EVERYTHING EVERYWHERE ALL AT ONCE (2022)
I was excited to watch this film when it first came out, but sadly didn't get a chance to. Since then, I've heard how highly this film was praised and renowned, and saw the amount of awards it received. So while a big chunk of me was very happy to finally watch this film, there was also a small portion of me that held doubt that the film would not live up to its expectations. Boy, was I wrong. This film was genuinely excellent in every way possible. The cast was phenomenal, the visuals were amazing, the story was astonishing. I'm running out of words to describe how well this film was put together. One of my favorite aspects of this film is its ability to balance riveting action and hilarious comedy, while still having genuinely emotional lows that hit. Not many films can do this, especially when they're action comedies with this much stylization. A lot of times, the emotional aspect of the story is lost within the rambunctiousness of its plot. However, this film is able to combat that by actually giving each character depth and personality, and making sure that the theme is always central to every scene. Although I am not an Asian immigrant, there was so much that I connected with in this film as a Black woman, especially the relationship between Joy and Evelyn. I think this film speaks a lot about how hardships and generational curses affect the relationships within a family, and eventually how it affects the world around us. I love how this film is able to portray that idea while taking us on a fun and absurd ride through fantasy. This is definitely the best film to come out of 2022, and should be an absolute must watch for everyone- but especially POCs and immigrant children.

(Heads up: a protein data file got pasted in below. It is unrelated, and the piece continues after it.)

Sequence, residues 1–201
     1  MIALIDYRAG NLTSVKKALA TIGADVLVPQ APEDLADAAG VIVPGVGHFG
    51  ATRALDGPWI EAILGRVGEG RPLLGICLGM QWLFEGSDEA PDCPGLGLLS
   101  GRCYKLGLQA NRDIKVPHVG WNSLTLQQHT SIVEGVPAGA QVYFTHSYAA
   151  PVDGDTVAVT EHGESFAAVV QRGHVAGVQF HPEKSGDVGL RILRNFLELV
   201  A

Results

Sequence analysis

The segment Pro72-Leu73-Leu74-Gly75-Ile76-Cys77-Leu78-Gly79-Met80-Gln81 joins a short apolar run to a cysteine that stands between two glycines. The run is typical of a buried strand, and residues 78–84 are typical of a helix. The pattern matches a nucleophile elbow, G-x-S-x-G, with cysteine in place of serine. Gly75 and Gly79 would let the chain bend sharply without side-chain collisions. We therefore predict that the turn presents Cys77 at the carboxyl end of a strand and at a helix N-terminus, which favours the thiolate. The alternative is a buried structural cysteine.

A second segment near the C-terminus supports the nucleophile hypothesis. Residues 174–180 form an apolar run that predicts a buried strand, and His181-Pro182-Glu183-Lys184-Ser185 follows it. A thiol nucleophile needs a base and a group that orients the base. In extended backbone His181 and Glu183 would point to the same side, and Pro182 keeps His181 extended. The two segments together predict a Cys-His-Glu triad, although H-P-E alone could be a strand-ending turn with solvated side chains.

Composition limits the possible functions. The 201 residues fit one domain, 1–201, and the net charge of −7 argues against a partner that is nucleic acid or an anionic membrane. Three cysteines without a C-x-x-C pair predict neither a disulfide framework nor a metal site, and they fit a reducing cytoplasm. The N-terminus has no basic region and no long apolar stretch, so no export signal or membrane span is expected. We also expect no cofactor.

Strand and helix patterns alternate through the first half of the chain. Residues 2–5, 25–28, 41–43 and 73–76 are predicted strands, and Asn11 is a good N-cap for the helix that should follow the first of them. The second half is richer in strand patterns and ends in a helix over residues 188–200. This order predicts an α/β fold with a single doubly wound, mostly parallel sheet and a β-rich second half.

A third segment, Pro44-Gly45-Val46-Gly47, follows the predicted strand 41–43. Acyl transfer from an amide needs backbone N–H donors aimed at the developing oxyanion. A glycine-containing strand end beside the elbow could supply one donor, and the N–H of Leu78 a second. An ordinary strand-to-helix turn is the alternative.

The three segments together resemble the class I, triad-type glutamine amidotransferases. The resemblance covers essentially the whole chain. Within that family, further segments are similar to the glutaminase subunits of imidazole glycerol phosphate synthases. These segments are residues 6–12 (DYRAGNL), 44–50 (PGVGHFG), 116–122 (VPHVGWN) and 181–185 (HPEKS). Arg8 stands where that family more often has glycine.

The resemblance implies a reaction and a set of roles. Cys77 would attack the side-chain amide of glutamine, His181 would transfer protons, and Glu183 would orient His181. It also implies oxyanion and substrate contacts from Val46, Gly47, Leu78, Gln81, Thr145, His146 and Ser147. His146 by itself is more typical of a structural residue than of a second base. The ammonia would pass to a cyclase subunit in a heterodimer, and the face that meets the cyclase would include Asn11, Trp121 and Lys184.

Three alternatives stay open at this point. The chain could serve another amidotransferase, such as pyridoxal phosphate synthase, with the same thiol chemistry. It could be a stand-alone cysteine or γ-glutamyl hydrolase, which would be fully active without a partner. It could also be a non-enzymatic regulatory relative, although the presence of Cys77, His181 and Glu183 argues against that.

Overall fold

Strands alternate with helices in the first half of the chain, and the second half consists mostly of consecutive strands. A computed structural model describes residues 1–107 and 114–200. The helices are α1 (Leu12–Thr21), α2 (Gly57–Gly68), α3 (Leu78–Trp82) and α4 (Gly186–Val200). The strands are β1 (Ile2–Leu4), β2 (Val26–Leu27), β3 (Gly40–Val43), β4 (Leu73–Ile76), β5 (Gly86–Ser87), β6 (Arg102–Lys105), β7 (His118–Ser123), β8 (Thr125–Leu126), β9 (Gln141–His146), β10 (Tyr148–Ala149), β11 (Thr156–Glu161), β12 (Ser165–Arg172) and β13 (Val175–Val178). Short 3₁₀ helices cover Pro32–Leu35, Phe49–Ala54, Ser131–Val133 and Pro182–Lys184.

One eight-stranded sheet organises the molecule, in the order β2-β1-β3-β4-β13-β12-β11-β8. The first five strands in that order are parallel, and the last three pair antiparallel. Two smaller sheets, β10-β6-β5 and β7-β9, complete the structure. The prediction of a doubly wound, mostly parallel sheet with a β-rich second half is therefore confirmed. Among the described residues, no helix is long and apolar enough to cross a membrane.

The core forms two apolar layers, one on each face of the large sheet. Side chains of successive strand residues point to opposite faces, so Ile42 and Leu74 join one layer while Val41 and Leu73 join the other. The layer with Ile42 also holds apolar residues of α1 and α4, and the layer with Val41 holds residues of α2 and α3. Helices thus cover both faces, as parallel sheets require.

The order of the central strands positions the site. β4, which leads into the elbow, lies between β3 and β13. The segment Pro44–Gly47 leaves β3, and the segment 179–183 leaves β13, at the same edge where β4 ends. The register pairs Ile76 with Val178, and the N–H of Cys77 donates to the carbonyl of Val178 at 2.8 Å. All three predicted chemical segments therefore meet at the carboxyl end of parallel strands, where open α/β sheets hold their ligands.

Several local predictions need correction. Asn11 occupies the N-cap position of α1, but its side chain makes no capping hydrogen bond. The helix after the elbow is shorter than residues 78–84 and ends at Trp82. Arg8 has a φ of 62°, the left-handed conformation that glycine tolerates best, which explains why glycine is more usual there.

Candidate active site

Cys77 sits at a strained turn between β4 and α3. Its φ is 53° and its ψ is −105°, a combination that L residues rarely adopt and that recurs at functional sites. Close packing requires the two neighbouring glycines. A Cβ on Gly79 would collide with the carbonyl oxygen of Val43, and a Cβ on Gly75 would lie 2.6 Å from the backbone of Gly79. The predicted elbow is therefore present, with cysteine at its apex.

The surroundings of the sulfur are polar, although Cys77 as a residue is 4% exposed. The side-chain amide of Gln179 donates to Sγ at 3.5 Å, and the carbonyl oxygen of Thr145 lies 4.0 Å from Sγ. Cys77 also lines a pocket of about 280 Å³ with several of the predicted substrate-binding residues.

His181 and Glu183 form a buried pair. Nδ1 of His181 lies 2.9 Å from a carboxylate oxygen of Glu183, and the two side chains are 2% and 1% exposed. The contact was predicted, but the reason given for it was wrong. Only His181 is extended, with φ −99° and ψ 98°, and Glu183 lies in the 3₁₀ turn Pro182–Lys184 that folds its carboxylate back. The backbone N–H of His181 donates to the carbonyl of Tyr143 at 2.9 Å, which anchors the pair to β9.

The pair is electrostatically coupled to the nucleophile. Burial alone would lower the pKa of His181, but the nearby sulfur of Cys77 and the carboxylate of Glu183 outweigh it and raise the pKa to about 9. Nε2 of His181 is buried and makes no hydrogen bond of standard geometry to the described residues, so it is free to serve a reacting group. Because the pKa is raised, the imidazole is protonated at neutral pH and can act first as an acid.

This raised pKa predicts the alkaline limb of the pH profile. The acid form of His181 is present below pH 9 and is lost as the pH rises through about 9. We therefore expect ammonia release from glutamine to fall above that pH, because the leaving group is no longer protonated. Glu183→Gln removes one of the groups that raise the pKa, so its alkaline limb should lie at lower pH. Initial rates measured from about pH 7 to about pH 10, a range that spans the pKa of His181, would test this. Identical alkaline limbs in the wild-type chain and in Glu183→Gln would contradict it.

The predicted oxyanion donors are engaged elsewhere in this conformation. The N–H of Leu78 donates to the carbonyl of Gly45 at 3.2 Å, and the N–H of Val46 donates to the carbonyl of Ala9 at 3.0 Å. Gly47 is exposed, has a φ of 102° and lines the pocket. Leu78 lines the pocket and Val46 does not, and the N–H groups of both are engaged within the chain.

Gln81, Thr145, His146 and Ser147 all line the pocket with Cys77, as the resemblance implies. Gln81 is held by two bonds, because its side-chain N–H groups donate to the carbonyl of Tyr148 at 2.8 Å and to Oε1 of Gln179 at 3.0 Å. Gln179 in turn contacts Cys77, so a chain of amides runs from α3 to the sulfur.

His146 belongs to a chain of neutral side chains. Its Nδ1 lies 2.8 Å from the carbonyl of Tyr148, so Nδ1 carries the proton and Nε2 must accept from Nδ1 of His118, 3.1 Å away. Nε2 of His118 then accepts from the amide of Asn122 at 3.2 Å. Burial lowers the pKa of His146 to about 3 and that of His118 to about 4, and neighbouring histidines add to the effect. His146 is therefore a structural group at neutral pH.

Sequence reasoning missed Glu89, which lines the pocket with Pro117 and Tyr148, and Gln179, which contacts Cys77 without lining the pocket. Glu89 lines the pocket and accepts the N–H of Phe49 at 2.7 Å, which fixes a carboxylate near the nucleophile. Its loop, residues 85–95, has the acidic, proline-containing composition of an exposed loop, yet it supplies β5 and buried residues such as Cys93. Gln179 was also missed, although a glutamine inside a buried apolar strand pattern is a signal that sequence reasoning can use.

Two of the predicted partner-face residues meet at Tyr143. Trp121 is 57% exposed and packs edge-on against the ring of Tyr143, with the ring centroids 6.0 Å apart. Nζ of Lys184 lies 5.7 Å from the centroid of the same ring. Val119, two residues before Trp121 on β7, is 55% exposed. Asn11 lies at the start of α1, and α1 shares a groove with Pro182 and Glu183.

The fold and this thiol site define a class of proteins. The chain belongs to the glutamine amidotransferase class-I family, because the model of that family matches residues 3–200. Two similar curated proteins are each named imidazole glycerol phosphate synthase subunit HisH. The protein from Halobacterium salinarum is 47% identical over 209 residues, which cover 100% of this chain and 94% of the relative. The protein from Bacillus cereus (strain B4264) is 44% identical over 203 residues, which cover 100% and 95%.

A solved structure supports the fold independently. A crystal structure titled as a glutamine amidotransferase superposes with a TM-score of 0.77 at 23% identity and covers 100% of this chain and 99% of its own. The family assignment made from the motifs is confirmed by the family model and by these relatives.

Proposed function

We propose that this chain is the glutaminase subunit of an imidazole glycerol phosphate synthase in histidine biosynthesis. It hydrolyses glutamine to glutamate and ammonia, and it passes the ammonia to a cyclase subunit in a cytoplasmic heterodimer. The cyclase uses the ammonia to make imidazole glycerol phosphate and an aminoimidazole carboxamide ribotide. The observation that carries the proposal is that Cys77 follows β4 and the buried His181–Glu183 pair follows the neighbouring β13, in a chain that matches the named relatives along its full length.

I read reviews prior saying how anxiety filled this film was. They were not wrong. For half of the film, my face was stuck in a scrunched up expression, questioning if I myself had something spiked in my drink. This film was not only good at what it was intended, but it was also smart. There was not complete narrative or storyline moving this film further (There really wasn't. The director admitted they took it day by day and basically winged it with only a few pages of script.), instead we got to feel what it is truly like to be on and see others on hardcore drugs, with no way to stop it. Gasper Noé deserves praise alone for the way he approached this film. The cinematography was smart and also amazing. The majority of this film were long shots, meaning that there were rarely any times where action was cut or stopped. That in itself is incredible, both technically and story-wise. This feeling of prolonged agony is so apparent; we never stop hearing the loudness of voices, the screams of both pleasure and pain, the sounds of bodies against the floor. In tandem with the bright neon lights and cluster of events happening at once, it brings the audience into the actual scene. I also want to give praise to the actors for both being able to go along with the crazy parameters surrounding this film, and the amount of dedication I know this took to film. Everyone did an excellent job at remaining in character and amplifying their more "negative" aspects once they became high. The erratic dancing and jagged movements also added to this feeling of confusing and temporal discontinuity. This was a great film in really depicting the mind on drugs and the horror that is associated with that, and I think this is a good watch for people who are interested in that and are more into artsy films.